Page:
CBD is a Phytocannabinoid: One of Many

CBD? Let’s clear the air.

Cannabidiol (CBD) is just one phytocannabinoid of over 80, and researchers are uncovering more phytocannabinoids all the time. CBD is everywhere (CBD beers and kombuchas, CBD for dogs, CBD gum, you name it), but do you have an accurate understanding of what it really is? 

I’ll just tell you right now – apologies for any bubbles burst – that your local brewery serving up a “CBD ale” has not found some sneaky way around recreational marijuana laws (if you don’t live in one of the 11 states or Washington, D.C. where recreational marijuana is legal). The CBD in your beer is not going to get you high; at most, you might benefit from the positive effect all cannabinoids have on the body. But those benefits aren’t exactly unique to CBD. CBD is just the phytocannabinoid that found its way into the spotlight of the hemp and cannabis industry, which is valued at more than $10 billion in the United States.

Phytocannabinoids like CBD are just one piece of the puzzle that is the endocannabinoid system (ECS). This is a system of the body not unlike the systems you learned in school: immune, digestive, cardiovascular. But for whatever reason (conspiracists cite the government and its misunderstanding of the cannabis plant and its products), the ECS was not taught in school like the other systems were.

The ECS is named for the puzzle pieces found naturally in the human body: endocannabinoids (endo = internal/within; cannabinoid = active constituent of cannabis). Endocannabinoids bind cannabinoid receptors, which are also found naturally in the human body. Anandamide and 2-arachidonoylglycerol (2-AG) are two widely known endocannabinoids.

If the ECS is a puzzle, the cannabinoid receptors are the corner pieces; they provide a foundation for ECS-regulated activity in the human body, whether it’s a “high” produced by tetrahydrocannabinol (THC; another phytocannabinoid) or anti-anxiety effects elicited by CBD (this claim requires further support from reliable clinical trials and randomized studies). There are two cannabinoid receptors: CB1 and CB2. These two cannabinoid receptors are complex and multifaceted, but for simplicity’s sake, you can associate CB1 with the central nervous system (brain, spinal cord) and CB2 with the immune system. When a cannabinoid binds a cannabinoid receptor, stuff happens.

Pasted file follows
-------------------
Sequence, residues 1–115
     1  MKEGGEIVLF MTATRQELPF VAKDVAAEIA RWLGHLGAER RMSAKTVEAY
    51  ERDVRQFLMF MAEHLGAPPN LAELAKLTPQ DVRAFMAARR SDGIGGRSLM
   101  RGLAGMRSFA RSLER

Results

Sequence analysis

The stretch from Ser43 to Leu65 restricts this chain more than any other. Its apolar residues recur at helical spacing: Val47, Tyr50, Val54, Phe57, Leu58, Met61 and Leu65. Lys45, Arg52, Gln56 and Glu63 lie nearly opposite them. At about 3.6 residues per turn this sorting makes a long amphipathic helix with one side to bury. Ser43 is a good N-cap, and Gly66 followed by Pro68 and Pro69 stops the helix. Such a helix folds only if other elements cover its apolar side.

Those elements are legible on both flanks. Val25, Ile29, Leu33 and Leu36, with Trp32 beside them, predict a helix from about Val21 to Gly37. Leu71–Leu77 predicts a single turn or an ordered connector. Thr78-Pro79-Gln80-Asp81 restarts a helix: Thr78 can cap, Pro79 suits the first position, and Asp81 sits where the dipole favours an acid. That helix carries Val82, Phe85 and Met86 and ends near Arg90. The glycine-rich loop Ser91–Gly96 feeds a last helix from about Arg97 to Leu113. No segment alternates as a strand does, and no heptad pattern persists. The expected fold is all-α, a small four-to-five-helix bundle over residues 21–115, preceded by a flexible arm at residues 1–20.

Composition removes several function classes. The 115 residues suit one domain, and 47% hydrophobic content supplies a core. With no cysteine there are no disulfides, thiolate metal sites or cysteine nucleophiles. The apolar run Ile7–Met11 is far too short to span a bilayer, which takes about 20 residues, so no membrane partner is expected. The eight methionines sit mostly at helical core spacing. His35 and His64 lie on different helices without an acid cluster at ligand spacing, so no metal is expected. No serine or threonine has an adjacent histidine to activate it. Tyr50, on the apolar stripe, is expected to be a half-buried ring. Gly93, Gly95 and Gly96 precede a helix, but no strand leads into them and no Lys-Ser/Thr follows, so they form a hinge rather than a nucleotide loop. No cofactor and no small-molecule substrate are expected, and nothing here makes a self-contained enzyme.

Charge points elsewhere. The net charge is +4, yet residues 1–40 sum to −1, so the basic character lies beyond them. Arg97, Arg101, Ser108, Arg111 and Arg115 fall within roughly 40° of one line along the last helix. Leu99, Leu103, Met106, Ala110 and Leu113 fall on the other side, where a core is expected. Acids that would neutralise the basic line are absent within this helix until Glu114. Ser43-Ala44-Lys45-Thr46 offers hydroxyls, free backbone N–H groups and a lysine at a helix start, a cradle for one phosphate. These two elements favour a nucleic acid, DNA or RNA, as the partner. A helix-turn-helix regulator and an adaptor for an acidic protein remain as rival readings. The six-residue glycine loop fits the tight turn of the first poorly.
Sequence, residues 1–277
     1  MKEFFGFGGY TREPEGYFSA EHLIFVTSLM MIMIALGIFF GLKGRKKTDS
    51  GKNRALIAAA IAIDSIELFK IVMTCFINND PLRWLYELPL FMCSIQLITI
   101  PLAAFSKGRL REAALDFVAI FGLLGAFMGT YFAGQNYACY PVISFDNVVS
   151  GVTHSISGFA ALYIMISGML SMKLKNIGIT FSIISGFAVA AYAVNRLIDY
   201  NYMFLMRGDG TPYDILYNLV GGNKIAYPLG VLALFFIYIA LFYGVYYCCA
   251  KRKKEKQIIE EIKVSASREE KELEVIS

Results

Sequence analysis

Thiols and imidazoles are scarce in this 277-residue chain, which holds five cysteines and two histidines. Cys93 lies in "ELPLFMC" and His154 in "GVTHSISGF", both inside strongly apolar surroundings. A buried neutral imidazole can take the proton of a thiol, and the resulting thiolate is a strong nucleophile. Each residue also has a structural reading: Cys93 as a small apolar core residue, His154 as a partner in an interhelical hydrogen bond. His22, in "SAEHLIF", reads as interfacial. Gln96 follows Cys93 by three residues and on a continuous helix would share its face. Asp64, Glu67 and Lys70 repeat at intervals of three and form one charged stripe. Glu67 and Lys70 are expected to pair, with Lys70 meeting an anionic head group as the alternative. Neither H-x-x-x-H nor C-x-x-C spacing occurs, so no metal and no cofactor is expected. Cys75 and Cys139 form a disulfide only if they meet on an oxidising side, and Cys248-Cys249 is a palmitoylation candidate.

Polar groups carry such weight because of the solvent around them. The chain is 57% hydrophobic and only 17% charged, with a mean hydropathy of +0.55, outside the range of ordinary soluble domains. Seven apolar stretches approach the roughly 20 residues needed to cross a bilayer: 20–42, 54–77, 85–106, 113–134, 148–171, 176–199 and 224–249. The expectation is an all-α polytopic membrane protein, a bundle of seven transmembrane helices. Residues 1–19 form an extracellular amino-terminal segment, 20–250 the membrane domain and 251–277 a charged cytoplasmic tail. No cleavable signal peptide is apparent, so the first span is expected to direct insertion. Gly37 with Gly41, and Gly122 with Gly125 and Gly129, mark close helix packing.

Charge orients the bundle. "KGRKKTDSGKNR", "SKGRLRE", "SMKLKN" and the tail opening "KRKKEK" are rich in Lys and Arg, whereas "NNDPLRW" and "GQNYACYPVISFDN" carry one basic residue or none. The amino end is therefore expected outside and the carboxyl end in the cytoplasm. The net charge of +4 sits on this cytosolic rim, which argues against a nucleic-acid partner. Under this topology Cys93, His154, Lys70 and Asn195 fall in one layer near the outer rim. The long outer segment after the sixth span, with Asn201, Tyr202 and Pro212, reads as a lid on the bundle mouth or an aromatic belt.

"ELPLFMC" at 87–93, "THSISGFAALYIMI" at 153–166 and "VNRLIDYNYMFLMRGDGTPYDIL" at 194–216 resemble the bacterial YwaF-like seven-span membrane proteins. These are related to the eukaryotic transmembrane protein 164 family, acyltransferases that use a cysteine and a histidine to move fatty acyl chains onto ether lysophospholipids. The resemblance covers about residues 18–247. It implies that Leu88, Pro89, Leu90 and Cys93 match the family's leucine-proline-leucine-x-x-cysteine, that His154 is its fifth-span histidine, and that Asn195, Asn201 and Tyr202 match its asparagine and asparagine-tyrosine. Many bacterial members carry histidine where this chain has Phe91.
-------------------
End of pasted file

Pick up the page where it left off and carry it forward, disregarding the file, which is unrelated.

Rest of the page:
Discussing the external components of the ECS is where things get a little tricky. Phytocannabinoids (phyto = plant; cannabinoid = active constituent of cannabis), including THC and CBD, are found most densely in the cannabis plant and associated products, like hemp and marijuana. It’s difficult to study phytocannabinoids because of the legal status of cannabis (another story for another day, but this is a good reference for legal status). It’s legal here, but not there. It’s legal for this reason, but not for that reason. It’s legal in this form, but not this form. It’s not surprising that we don’t know as much about cannabis and the endocannabinoid system as is needed to support health claims; it’s much easier to study ingredients with less baggage.

There’s a lot more to the story when it comes to cannabis and the ECS that I want to cover. But today, I wanted to start by describing CBD for what it is: one phytocannabinoid, one puzzle piece. The ECS is the puzzle, and it’s not finished yet. 

Other topics I want to explore in the near future:

  • Non-cannabis sources of phytocannabinoids, like carrots
  • The connection between polyunsaturated fatty acids and the ECS
  • Legal status of cannabis: marijuana versus hemp; recreational versus medical

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